Nanodegrees, micro-credentials and blended learning are all terms and methodologies gaining traction in the higher education sector. According to industry commentators they are just some of the many ways that universities and educational institutions are adapting to the changing expectations of students.
Rapid changes in higher education are being driven by new student expectations, the constantly evolving employment market, changing job roles, the fast pace of technology and increasing course fees. All of these factors are driving both current and future students to demand a greater lifetime return on their education investment, transportable credentials and more personalised learning flexibility.
As a result, the academic landscape is changing irreparably. The traditional model of learning on campus is evolving to meet the needs of students who want to learn where, and how, it suits them. Busy lifestyles, changing career trajectories, workplace automation and the desire to retire later are leading to more prospective students favouring online learning. According to a recent University of Queensland (UQ) Discussion Paper – 42% of prospective students prefer the majority of their degree to be delivered online. (EYGL, 2018)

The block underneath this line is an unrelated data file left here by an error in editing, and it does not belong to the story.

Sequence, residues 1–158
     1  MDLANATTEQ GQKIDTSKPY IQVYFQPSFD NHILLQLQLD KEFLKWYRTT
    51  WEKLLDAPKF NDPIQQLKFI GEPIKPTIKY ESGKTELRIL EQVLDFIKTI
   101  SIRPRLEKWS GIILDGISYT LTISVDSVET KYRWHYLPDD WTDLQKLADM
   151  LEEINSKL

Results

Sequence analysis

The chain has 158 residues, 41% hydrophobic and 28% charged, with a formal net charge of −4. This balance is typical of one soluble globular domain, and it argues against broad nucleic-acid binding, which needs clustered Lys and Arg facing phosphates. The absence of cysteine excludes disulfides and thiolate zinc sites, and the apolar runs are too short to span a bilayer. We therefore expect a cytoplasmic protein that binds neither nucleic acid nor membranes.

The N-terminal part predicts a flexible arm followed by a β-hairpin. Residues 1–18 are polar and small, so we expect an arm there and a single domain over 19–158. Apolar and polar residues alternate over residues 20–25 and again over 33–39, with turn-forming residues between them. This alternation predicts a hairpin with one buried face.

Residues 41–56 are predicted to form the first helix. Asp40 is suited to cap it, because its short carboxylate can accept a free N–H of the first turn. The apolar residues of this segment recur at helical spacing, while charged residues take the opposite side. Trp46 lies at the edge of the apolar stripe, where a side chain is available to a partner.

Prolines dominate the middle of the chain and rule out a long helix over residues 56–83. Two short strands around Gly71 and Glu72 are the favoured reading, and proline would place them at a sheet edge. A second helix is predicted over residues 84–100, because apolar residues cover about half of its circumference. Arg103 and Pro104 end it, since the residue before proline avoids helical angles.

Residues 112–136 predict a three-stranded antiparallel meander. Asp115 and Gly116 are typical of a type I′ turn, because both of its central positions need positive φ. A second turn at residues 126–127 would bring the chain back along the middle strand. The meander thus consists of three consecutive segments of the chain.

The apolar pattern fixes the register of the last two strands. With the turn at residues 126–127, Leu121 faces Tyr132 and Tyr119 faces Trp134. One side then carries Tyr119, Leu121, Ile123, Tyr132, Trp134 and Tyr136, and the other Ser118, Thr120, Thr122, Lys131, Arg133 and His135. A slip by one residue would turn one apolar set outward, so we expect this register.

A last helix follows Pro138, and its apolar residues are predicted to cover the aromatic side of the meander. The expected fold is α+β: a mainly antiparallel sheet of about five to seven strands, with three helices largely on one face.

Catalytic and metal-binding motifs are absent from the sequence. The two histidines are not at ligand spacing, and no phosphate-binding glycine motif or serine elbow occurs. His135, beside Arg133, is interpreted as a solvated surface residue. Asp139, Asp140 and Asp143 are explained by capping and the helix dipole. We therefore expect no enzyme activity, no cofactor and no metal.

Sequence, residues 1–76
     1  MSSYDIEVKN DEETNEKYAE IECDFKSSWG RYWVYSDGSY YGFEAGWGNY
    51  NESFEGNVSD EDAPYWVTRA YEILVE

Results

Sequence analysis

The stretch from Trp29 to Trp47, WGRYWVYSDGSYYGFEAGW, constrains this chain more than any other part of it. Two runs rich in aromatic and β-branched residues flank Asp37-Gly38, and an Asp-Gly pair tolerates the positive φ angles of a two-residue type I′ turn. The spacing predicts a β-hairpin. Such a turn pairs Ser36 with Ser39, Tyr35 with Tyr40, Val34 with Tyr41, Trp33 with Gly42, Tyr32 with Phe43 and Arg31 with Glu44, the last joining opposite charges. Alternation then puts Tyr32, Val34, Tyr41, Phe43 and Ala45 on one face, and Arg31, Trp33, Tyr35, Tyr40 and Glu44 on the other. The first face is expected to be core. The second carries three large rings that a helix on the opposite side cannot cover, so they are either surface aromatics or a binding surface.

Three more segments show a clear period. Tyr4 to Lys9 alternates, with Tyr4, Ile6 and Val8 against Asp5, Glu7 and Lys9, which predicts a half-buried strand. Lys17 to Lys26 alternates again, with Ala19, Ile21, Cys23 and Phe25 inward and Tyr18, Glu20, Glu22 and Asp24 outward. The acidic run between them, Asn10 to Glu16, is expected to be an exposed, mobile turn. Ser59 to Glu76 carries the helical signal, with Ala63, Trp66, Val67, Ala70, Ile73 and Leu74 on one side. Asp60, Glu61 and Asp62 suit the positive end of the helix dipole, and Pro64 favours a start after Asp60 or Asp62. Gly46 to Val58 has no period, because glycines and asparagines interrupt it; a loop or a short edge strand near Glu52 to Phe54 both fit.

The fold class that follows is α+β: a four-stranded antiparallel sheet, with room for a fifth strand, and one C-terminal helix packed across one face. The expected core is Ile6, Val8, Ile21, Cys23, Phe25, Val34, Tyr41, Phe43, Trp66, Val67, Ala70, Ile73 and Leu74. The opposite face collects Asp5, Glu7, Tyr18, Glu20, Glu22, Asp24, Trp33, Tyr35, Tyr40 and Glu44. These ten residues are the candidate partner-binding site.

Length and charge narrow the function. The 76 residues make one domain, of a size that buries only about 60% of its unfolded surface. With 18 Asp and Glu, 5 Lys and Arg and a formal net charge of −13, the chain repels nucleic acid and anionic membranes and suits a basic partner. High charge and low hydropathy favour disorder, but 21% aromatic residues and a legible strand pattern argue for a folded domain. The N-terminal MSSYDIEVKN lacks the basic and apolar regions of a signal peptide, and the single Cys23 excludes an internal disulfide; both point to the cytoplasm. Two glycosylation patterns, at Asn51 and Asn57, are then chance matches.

The trend towards life long learning is also driving demand for courses that employees can pursue to enhance their career advancement, learn new skills as technology changes or to reskill as they stay in the workforce for longer. Universities are seeing a future where students may come and go over a 20 year period, with the challenge being able to offer courses and delivery methods that will meet their needs.
To do this successfully, and to compete with emerging providers, higher education institutions will need to offer more diverse ways to study and more personalised options. One innovative example is UQ’s Virtual Exchange Program, which allows UQ students to gain credit through online enrolment in courses offered by seven leading international universities which they have partnered with.
Other options higher education institutions are looking at include breaking degrees into small modules, to offer nanodegrees in specific disciplines for employees wanting an accredited degree to bolster their capabilities in an increasingly competitive world.
This article is based on facts and issues raised in - The Higher Education Landscape: Trends and Implications – a UQ Discussion Paper prepared by Associate Professor Kelly Matthews, Ms Carmen Garratt and Professor Doune Macdonald in May 2018.